For the first time, the United Nations celebrated Vesak 2017 in Sri Lanka with the highlight being the three-day international conference attended by representatives from some 85 countries. As we stressed yesterday, significantly the theme was a peaceful and just society.
For sustainable reconciliation, peace and justice, the all-religions activist Dr. L.A.W. Sirisena has made some proposals to the government.
According to Dr. Sirisena and -- most people would agree with him -- Sri Lankans get too many holidays. Indeed we have the largest number of holidays when compared with the rest of the world. This adversely affects the work in the public and private sectors -- thereby the economy.
Successive governments have made attempts to rectify this situation, without success. The declared Public Holidays add up to 25. Since we have a five-day working week, we will be ‘holidaying’ for almost another five weeks, in addition to all the Saturdays and Sundays. Can we, a developing nation, afford such a large number of holidays, together with the holiday mood -- the preparation for the holiday and its aftermath -- that spreads beyond the actual holiday, further eroding into the working hours and days.
Further, can the declaration of a National Holiday, in commemoration of an event, where the majority of the people will do nothing connected with the event, be justified?
Dr. Sirisena says a closer look at the list of public holidays shows that 23 out of the 25 have ethno-religious commemorative significance, affording an ideal opportunity, only if used appropriately, to promote inter-faith action. There are only two days that are common to all sections of the society. Those are the Independence Day and May Day. These two days and another eight days, which are considered to be of the highest importance to the respective ethnic or religious group, namely Thai Pongal, the National New Year (2 days), Vesak (2 days), Poson, Ramazan and Christmas need to be considered separately. During these 10 days, there are large scale religious observances, social events or family reunions. This group of 10 could constitute our commemorative holidays.
The remaining 15 commemorative events consisting of ten Poya Days, Hadji, Prophet Mohammed’s birthday, Maha Sivarathri, Deepavali and Good Friday could be made full working days, with the exception that the first two hours -- 8 am to 10 am be spent in an activity devoted to the significance of that particular day’s event.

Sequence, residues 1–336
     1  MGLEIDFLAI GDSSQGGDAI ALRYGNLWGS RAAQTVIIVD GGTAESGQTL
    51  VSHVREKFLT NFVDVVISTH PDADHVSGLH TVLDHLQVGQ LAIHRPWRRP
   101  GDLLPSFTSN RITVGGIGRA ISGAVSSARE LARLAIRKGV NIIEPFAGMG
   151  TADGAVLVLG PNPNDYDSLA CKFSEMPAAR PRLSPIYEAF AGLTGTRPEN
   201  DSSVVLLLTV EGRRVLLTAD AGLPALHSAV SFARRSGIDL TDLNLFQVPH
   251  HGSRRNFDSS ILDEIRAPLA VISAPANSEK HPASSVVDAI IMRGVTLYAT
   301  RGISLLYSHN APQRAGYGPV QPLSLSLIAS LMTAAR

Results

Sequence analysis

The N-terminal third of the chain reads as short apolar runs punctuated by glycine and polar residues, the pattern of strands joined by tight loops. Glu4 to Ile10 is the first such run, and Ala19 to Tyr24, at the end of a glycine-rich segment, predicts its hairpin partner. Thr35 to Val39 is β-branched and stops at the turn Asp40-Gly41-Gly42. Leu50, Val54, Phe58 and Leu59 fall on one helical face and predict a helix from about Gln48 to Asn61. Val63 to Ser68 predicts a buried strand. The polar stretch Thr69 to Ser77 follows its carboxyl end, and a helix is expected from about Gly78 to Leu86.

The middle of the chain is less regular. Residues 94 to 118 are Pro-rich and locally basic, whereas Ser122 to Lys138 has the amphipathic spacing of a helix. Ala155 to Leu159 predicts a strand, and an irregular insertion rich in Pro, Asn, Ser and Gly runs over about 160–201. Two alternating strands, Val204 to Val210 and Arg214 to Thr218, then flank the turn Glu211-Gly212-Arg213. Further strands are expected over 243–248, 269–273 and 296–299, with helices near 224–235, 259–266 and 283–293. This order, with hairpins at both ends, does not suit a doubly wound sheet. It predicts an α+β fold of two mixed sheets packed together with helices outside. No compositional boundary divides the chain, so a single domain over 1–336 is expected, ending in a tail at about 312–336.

Dr. Sirisena says that for example, on a Poya Day there could be a Bana preaching/meditation; on Hadji and Prophet Mohammed’s birthday, a programme on some aspect of Islam and the life of the Holy Prophet; on Deepavali and Maha Sivarathri Day a Hindu religious or cultural programme, and on Good Friday a prayer service or a talk and dialogue on the life of Jesus Christ. This will ensure that most workers will at least spend some time meaningfully, in observance of the particular event commemorated. It will also promote understanding of the different religions and cultures, integration and harmony among the different religious and ethnic groups, as all separate groups will together be involved in making arrangements and participating in each others functions. They could get back to work after partaking in fellowship and refreshments.
According to Dr. Sirisena we should not forget that comparatively only a few Buddhists observe ‘Ata-Sil‘ on most Poya days. As ‘Ata-Sil’ observance need not necessarily be on the Poya Day, arrangements could be made to hold such observances on the Sunday following or preceding the Poya. Most schools arrange their ‘Ata-Sil’ observances on the school day preceding the Poya.
Since over the years we have been used to the idea of enjoying ‘long week-ends’, consideration could be given to declaring one Monday or Friday in each quarter of the year, simply as an additional holiday, to encourage people to take a long break for relaxation and recreation. This is a healthy concept.
Thereby we will have a total of 14 national holidays.
This proposal will curtail the number of holidays and increase the number of working days, thereby helping the country’s smooth administration and economy; with a little give and take, it will also promote better understanding and appreciation of each others cultures, build bridges, facilitate cross faith interactions and regain inter community trust which is essential for ensuring harmony and oneness.